There are others who have spoken in depth and great detail on the triune brain. We all have three levels of brain function. I like the terms used by MacYoung and Montaigue. The lizard brain is in charge of the very base instincts. Look at a lizard, all they know is eat, sleep, poo. The next level is what Montaigue referred to as the puppy brain, and MacYoung calls the Monkey brain (taking into consideration evolutionary sciences, monkey is the more appropriate term, but I work mostly with kids and they do laugh a lot when I tell them they have a puppy brain…). The highest level is the human brain.

When we train visualization, we are not creating our own reality, we are training our puppy brain. The lizard brain cannot be taught anything, it is pure instinct, and the human brain will shut down in a crisis,but the puppy brain, it can learn a few tricks. And when we are willing to put in the time and effort, we can teach the puppy brain some pretty remarkable things. The easiest way that I know of to teach the puppy brain anything is to use visualization and as close as possible to the real things simulation physical training.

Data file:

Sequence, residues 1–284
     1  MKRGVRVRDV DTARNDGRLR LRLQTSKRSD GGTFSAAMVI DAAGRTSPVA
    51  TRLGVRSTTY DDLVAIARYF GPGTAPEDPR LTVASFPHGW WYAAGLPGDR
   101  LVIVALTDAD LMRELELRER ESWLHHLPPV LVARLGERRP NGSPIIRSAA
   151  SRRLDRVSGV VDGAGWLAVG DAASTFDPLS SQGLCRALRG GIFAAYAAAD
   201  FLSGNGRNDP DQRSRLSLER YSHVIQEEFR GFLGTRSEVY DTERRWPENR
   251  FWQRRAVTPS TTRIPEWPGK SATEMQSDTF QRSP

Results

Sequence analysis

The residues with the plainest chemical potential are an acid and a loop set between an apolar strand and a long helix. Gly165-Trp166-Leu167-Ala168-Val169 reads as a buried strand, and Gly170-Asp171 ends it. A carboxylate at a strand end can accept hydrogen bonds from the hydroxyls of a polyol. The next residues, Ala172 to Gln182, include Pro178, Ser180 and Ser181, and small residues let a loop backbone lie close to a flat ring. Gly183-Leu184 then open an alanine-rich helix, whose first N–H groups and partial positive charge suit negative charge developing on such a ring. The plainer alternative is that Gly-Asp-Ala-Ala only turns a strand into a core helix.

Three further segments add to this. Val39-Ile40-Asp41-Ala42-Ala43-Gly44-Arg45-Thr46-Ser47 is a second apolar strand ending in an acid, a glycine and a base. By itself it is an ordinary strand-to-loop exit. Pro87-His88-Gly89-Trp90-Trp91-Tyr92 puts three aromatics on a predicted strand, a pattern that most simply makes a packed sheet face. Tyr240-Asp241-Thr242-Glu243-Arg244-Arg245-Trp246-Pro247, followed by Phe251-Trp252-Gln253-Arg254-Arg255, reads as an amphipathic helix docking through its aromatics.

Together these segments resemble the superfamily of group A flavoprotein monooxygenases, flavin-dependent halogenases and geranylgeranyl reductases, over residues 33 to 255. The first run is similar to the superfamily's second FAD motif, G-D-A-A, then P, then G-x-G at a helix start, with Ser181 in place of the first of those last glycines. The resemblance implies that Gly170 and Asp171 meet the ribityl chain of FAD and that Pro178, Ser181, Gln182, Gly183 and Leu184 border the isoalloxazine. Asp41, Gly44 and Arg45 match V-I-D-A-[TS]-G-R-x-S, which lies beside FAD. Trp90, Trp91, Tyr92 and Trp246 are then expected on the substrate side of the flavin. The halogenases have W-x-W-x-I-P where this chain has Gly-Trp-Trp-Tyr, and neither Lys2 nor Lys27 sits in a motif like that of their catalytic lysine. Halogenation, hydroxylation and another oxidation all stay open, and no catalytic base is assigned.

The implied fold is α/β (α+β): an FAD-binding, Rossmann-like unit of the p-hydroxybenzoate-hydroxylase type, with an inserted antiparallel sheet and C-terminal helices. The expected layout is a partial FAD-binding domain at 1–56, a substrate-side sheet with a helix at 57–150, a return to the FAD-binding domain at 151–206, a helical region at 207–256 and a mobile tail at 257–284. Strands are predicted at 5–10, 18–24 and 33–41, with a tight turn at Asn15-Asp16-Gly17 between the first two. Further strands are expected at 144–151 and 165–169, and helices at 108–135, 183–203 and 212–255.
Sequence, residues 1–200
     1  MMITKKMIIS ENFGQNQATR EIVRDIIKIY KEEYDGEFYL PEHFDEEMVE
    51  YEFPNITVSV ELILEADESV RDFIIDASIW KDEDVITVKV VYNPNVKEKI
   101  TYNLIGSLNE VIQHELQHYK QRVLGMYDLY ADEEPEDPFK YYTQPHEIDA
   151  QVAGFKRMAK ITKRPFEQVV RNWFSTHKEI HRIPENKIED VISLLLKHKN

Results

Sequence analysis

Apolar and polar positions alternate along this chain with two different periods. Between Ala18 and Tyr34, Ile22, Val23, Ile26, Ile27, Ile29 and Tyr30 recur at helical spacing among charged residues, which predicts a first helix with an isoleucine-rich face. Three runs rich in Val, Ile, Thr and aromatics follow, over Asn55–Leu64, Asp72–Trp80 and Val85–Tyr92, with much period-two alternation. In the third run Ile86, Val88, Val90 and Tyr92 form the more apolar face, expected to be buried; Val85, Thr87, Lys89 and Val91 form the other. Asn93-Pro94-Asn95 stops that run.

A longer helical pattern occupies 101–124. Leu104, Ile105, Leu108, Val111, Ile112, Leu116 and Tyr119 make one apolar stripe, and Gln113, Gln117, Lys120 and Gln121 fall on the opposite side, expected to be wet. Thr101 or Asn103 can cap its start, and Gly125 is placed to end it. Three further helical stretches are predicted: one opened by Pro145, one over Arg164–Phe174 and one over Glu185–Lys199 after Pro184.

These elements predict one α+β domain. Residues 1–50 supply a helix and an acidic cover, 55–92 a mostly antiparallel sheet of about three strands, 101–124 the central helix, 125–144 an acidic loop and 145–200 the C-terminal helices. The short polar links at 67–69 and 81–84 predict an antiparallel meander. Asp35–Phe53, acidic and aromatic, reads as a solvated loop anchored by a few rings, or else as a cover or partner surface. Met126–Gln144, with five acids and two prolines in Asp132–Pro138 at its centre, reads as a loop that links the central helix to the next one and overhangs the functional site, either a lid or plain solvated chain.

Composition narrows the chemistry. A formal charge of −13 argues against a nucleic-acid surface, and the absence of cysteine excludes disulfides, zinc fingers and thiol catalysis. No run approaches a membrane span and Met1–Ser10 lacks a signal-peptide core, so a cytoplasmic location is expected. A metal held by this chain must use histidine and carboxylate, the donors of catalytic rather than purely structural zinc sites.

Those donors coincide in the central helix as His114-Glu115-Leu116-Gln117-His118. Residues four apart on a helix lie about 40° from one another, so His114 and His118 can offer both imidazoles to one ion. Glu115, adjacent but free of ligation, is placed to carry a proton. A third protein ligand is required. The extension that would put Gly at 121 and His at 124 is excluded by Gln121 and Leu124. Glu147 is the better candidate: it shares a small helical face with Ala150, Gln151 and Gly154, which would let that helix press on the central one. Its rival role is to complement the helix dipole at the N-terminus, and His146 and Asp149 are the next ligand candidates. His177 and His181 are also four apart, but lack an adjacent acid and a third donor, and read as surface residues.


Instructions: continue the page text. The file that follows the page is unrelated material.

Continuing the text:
I also feel that visualization is where most people who are getting a lot out of their training of forms is the defining difference. Toa one; the people I have known who were unable to gain any substantial benefits from training forms all had poor visualization skills. If your instructor, school or style places a heavy emphasis on forms practice, over other methods, learn and use visualization, and you will be much better off for it.

There we have our first session of the mailbag, and no one was even eaten!!

One Comment

  1. Susie says:

    You say you are no hero, I however know a few hundred kids that would disagree with that comment. How many of these other people who post comments can say they have hundreds of followers, pupils, and friends that share your sentiments? Seems to me that when one speaks from the heart, there is little need for defending one’s principles especially when there is no monetary gain. Truth will always supersede popularity and fads. In short, “It is what it is”.


Comments are closed.